Stefan Drew - The Marketing Magician

FE, Education & Business Marketing: Quick, Effective, Low Cost Marketing

Stefan Drew - The Marketing Magician

Customer profiles bring business benefits

Why customer profiles are vital to any business.


I've just had an email from someone I've known for several years.  She is a photographer called Dorcas Eatch and she runs a business called Fotodayz.  (Try her photography courses .. they are good.)


Anyway Dorcas came on one of my courses years ago and mentioned she has Customer Profiles taped to her office wall.  Customer profiles are a description of an (imaginery) customer. This is a typical customer and gives you all the information about them that makes it easier to target your marketing.  For example your typical customer might be female aged between 45-55 who reads vogue and enjoys cruising holidays to warm places.

In most businesses we have quite a few different types of customers and can produce a profile for each of them.


Customer profiles really make you think about your existing core clients.  But there is another use.


As I explained to Dorcas you should also try defining a profile of the customer you would really like to get (but haven't yet) and work on that.  Last week I was on Radio 5 Live breakfast show .. and today I had a call from someone who want's me to front some work for them  .. all because I have a profile of the typical customer I wanted to listen when I was being interviewed.  The one I'd always hoped for but never seemed to get .. until now!


Customer profiles help you reach the customers that other marketing methods don't.  

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3 Replies to “Customer profiles bring business benefits”

  • Hi Jef

    A very good question. Some of this is (almost) intuitive but some will require you to carry out some research with typical customers.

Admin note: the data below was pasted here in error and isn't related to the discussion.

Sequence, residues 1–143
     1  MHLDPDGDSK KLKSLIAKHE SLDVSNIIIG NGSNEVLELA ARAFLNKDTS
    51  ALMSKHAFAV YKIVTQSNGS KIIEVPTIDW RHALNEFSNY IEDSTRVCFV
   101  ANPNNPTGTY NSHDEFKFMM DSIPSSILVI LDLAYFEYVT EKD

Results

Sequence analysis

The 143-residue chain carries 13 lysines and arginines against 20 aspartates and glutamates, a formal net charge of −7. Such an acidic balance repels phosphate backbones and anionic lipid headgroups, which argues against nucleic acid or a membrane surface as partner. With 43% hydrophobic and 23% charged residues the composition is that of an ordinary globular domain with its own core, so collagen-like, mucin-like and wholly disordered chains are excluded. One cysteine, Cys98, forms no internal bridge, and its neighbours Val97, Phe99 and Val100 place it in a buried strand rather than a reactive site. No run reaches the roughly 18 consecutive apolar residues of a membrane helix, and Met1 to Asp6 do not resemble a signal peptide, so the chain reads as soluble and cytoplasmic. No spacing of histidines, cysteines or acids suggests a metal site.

For example I know your company, Countax, has two types of customer; trade retailers and end users, i.e. people like me who want a ride on lawn mower.

    Based on this my intuition tells me that your trade retailers are all known to you – after all you supply them with product on a regular basis – and another question might be who doesn’t trade with you but could. In all cases they will probably be members of the trade association (BAGMA), will advertise in the gardening press (even if only locally) and will go to the trade shows you probably attend (a list of attendees to these shows is a good starting point for profiles). Those not selling your product might include garden centre chains etc. This is the intuitive bit and if we apply the same logic to your end users they will have large gardens, high disposable incomes and drive bigger cars (quite a few will o wn 4wheel drive vehicles I guess!). They may read the gardening press or Country Life, Horse and Hound or similar but I’m now begining to guess.

    So how about the research bit. I’d send a questionnaire to a cross section of existing end-users and retailers asking profiling questions like age,postcode, what papers/magazines they read,etc. This could be done via snail mail or email and could be promoted via PPC ads, social media etc.

    You could also send this out via membership organisations like the RHS, RSPB, National Trust etc. and might offer a prize like tickets to Chelsea (the flower show not the football team!).

    Clearly there is a lot more I could suggest but I hope that gives you a point from which to start.

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